Monday, February 23, 2015

BOMA California Energy Update - AB 1103 Review, Proposed Changes to Title 24, EV Charging Stations

AB 1103 Review

BOMA California representatives have recently participated in a workshop at the California Energy Commission (CEC) where their staff is seeking input regarding proposed changes to regulations for the Nonresidential Building Energy Use Disclosure Program - also known as the AB 1103 Program.

Energy Commissioner Andrew McAllister and Commissioner Karen Douglas are leading an effort to review the regulations and make sure they implement the underlying legislation in the most efficacious way possible.

Throughout the last few years BOMA members have worked closely with the Energy Commission to help them better understand the policy issues related to the implementation of the AB 1103 regs on owners and managers.

Click here to review language. Many of the suggested changes our industry has provided in the past are now incorporated into the suggested regulations, including a new definition for “building operator,” clarification of when the information is to be provided, and clarification that tenant information is to be provided to owners/managers by utilities without the need for tenant authorization.

Since many of you have now had direct experience with implementing AB 1103 your input is that much more valuable.

Proposed Changes To Title 24

The official proposed changes by the California Energy Commission to Title 24, Part 6 (CA Energy Code) was released earlier this week. BOMA California is currently trying to analyze the proposal and prepare comments on behalf of industry.

The Notices of Proposed Action for the 2016 revisions to the Title 24 Part 6 Building Energy Efficiency Standards, and separately for the voluntary provisions in Title 24 Part 11, can be found here.

If you have experts at your company that can review the proposed regulations and provide feedback that would be helpful.  Send all comments to

Final proposed codes are scheduled for adoption at the CECs May 2015 Business Meeting.

Electric Vehicle Charging Stations

Over the past six months, there has been a growing level of controversy focusing on whether electric vehicle (EV) parking spaces should be accessible to those with disabilities. In response, the Building Standards Commission directed the Division of the State Architect (DSA) to convene a group of stakeholders to identify key issues and make recommendations that would be used by DSA in developing amendments to California’s disabled accessibility building standards. To date, DSA has conducted six workshops with the seventh planned for February 11th.

BOMA has been represented at each of these gatherings and the Governor’s Office is now actively engaged with this group as well.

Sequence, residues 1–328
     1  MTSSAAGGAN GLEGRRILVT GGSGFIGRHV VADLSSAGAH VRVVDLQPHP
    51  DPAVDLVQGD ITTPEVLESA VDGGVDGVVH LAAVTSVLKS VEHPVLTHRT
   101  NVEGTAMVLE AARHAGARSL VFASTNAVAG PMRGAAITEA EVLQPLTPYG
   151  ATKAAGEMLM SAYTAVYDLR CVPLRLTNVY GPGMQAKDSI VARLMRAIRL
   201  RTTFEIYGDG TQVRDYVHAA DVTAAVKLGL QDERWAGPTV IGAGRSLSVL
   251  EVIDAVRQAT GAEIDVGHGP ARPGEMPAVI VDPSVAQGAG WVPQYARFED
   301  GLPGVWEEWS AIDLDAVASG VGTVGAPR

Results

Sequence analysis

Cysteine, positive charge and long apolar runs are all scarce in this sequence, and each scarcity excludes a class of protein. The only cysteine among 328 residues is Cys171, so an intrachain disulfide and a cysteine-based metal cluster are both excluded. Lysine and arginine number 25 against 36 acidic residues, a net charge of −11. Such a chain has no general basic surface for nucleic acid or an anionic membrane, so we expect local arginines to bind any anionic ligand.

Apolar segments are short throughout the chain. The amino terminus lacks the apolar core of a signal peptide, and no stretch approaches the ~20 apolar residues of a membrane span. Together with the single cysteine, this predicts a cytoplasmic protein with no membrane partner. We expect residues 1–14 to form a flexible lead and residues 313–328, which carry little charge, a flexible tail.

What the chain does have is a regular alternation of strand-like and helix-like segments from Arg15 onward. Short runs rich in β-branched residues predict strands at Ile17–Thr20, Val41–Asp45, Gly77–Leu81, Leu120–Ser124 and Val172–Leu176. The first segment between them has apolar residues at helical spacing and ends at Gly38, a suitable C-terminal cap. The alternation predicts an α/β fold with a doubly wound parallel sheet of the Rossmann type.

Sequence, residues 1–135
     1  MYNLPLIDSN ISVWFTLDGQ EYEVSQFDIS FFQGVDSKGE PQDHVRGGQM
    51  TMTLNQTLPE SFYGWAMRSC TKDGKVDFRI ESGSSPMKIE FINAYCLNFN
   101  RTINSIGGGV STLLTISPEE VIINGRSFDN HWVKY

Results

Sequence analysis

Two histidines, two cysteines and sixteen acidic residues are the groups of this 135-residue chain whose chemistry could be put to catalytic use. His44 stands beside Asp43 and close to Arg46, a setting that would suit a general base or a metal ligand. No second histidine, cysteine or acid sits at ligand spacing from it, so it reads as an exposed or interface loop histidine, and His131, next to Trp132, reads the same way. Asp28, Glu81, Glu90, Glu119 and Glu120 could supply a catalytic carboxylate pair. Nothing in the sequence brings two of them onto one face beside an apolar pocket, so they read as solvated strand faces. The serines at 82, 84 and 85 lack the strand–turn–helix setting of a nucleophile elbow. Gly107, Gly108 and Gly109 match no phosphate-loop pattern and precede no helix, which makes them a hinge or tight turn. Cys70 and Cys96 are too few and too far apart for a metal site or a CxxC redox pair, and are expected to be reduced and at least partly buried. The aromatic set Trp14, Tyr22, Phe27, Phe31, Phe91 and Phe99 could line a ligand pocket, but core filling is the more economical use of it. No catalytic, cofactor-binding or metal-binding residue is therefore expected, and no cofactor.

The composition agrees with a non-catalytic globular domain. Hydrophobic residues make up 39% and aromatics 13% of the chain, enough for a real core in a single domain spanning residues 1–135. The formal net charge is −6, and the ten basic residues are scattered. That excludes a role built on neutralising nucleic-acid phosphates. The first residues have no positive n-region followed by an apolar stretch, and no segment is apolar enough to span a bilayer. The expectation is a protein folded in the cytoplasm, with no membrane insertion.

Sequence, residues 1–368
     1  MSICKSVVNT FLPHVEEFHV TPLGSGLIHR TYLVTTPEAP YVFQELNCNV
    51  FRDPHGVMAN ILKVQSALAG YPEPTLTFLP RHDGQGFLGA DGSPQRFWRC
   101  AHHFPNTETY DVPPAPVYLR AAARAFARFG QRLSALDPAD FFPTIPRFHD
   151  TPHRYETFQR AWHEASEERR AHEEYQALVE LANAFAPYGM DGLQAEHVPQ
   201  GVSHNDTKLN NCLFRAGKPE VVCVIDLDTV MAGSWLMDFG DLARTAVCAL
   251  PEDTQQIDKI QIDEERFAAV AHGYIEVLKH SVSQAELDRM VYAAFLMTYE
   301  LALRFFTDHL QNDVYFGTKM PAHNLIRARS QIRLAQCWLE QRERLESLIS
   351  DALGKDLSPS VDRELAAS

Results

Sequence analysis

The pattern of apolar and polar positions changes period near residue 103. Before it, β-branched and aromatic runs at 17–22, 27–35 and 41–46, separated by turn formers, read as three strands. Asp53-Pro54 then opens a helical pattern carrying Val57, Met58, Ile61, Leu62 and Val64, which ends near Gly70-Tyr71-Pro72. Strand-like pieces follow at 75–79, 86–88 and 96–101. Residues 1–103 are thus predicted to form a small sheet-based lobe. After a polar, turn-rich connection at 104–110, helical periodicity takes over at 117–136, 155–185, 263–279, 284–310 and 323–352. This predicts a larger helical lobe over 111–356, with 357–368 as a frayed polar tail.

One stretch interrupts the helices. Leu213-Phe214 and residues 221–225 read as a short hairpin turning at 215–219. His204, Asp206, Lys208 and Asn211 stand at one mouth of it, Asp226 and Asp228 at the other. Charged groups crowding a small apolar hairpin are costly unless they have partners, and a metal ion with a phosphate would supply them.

Some advocates would like to see all EV-charging stations meet the dimensional specifications required for van-accessible parking spaces. This change would require parking spaces to be roughly 17-20 feet in width instead of the standard 8-9 feet, effectively taking out at least two parking spaces for each EV-charging station installed.

On behalf of our members, BOMA is supporting the currently held notion that EV-charging is a service and should be treated no differently than other services which require the standard 4% accessibility application rule. Requiring all stations meet the suggested requirements by the advocates for the disabled community would unnecessary complicate compliance and could ultimately cause less EV-charging installations to occur.

EV-Ready Building Standards Set to Take Effect on July 1, 2015

In response to an Executive Order issued by the Governor in late-2012, the California Building Standards Commission (CBSC) and the Department of Housing & Community Development (HCD) have adopted regulations to require the installation of Electric Vehicle (EV) ready infrastructure. As opposed to installing fully operational (and costly) charging stations for electric vehicles, these EV-ready building standards would be limited to items which would facilitate the later installation of the charging stations at a significantly reduced cost.

For example, new commercial buildings having parking lots containing more than 49 spaces will be required to have an electrical panel with enough empty plug slots to allow for the later installation of EV charging equipment. In addition, there will also need to be one-inch wide conduit (piping) provided for the later installation of the wiring connecting the electrical panel with a point in close proximity to the designated EV service space.

Environmental organizations and the Air Resource Board (ARB) had argued for the installation of fully functioning EV charging facilities, however, after hearing concerns expressed by us, the CBSC has chosen to move forward with only “EV-ready” regulations. Doing this also helps avoid issues related to disabled accessibility that will take much longer to resolve.

For commercial building parking facilities, the required number of EV-Ready parking spaces shall be 1 EV-ready space for every 50 parking spaces.

These new EV-Ready building standards will apply to projects for which the permit application is submitted to the local building department on or after July 1, 2015.

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